I have taken care of the patient who made the choice to not manage their insulin.
I have had compassion for the chronically ill patient who refused to take their medication or manage their disease.
I took care of the family member who should have had access to hospice but was forced to refuse and never to give up by their family.
I’ve honored the religious choice to deny blood products or other medical care even when it cost their life and I couldn’t understand.
I’ve cared for the homeless mental health patient who continued to refuse help.
I supported and cared for each one no matter their choices.
Despite their choices.
And now I see nurses being threatened, intimidated, fired for their choice. Like their choice doesn’t matter. Like their body autonomy shouldn’t exist.
And now I see healthcare “professionals” stating they will not care for people the same because of a choice. Stating they should just let the un – v people die.
Discrimination based on age, religion, sex, race, color or creed is WRONG.
And discrimination based on injection status is just as WRONG.
If you are healthcare professional doing this… STOP. Think about the implications of what you’re saying, doing, proposing.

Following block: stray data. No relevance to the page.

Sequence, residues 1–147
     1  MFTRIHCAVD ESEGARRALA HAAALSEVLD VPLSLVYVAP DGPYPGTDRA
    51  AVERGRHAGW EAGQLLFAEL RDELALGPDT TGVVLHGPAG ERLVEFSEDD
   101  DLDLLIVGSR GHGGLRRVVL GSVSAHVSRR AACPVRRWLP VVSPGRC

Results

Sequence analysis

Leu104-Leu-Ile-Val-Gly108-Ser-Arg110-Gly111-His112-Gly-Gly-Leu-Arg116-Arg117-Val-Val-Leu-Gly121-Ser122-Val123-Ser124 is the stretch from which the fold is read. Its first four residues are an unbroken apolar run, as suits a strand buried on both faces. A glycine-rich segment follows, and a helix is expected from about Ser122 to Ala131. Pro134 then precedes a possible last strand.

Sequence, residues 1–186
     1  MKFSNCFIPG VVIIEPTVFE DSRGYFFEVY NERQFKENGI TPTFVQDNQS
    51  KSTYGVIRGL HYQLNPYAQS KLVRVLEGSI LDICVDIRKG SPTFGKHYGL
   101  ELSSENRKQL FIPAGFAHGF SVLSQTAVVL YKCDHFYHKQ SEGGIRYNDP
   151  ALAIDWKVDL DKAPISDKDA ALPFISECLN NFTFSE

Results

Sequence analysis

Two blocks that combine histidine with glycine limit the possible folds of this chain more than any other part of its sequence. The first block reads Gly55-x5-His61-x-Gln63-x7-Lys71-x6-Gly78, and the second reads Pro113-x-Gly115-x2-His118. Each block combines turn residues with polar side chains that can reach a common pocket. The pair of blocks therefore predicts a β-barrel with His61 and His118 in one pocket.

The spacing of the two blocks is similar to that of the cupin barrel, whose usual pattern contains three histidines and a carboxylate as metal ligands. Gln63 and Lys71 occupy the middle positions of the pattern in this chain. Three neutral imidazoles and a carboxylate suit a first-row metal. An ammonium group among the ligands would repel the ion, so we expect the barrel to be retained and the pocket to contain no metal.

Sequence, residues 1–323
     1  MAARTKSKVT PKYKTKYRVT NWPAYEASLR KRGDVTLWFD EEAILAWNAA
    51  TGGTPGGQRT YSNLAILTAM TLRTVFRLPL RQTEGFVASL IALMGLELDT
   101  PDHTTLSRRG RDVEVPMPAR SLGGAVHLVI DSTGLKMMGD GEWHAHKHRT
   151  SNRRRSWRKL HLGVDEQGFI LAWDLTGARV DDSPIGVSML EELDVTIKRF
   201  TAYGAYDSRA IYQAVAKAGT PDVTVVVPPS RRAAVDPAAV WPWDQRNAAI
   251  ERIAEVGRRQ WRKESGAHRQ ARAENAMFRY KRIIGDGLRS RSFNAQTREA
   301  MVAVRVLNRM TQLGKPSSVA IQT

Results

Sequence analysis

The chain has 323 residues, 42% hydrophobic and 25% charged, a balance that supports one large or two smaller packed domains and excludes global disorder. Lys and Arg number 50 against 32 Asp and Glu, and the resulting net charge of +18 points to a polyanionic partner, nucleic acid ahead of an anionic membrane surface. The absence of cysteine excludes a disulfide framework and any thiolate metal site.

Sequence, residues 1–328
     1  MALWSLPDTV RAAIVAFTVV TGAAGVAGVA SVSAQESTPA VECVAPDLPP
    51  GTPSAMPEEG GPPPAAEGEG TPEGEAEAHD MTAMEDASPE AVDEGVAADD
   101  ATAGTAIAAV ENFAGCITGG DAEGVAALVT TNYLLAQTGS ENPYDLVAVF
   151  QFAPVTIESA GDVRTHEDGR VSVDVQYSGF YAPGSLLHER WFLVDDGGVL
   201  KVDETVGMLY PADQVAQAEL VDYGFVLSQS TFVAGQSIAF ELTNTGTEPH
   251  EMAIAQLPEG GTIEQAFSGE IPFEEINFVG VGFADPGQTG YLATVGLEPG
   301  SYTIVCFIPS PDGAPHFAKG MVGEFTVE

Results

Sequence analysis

I’m sorry, I’m not sorry.
Someone should have said this long time ago.
Behind the scenes pic of my most recent, last and final travel assignment last summer.
“Make each day your masterpiece, angels can do no better.” (Coach Wooden) He was an English teacher. He quoted poetry. He despised profanity. He adored his wife – Nell. And he coached a little….with a bit of success.
How times have changed!! I love this story – a celebration of the human spirit …
It’s 1932 and Australia is in the grip of the Great Depression.
One in three workers are unemployed.
Decrepit shanty towns hug the outskirts of the big cities.
A scrawny rabbit caught in a trap will feed a family for a week.
Country roads are filled with broken men walking from one farmhouse to another seeking menial jobs and food.
On the outskirts of the South Gippsland town of Leongatha, an injured farmer lies in bed unable to walk – or work.
World War I hero Captain Leo Tennyson Gwyther is in hospital with a broken leg and the family farm is in danger of falling into ruins.
Up steps his son, nine-year-old Lennie.
With the help of his pony Ginger Mick, Lennie ploughs the farm’s 24 paddocks and keeps the place running until his father can get back on his feet.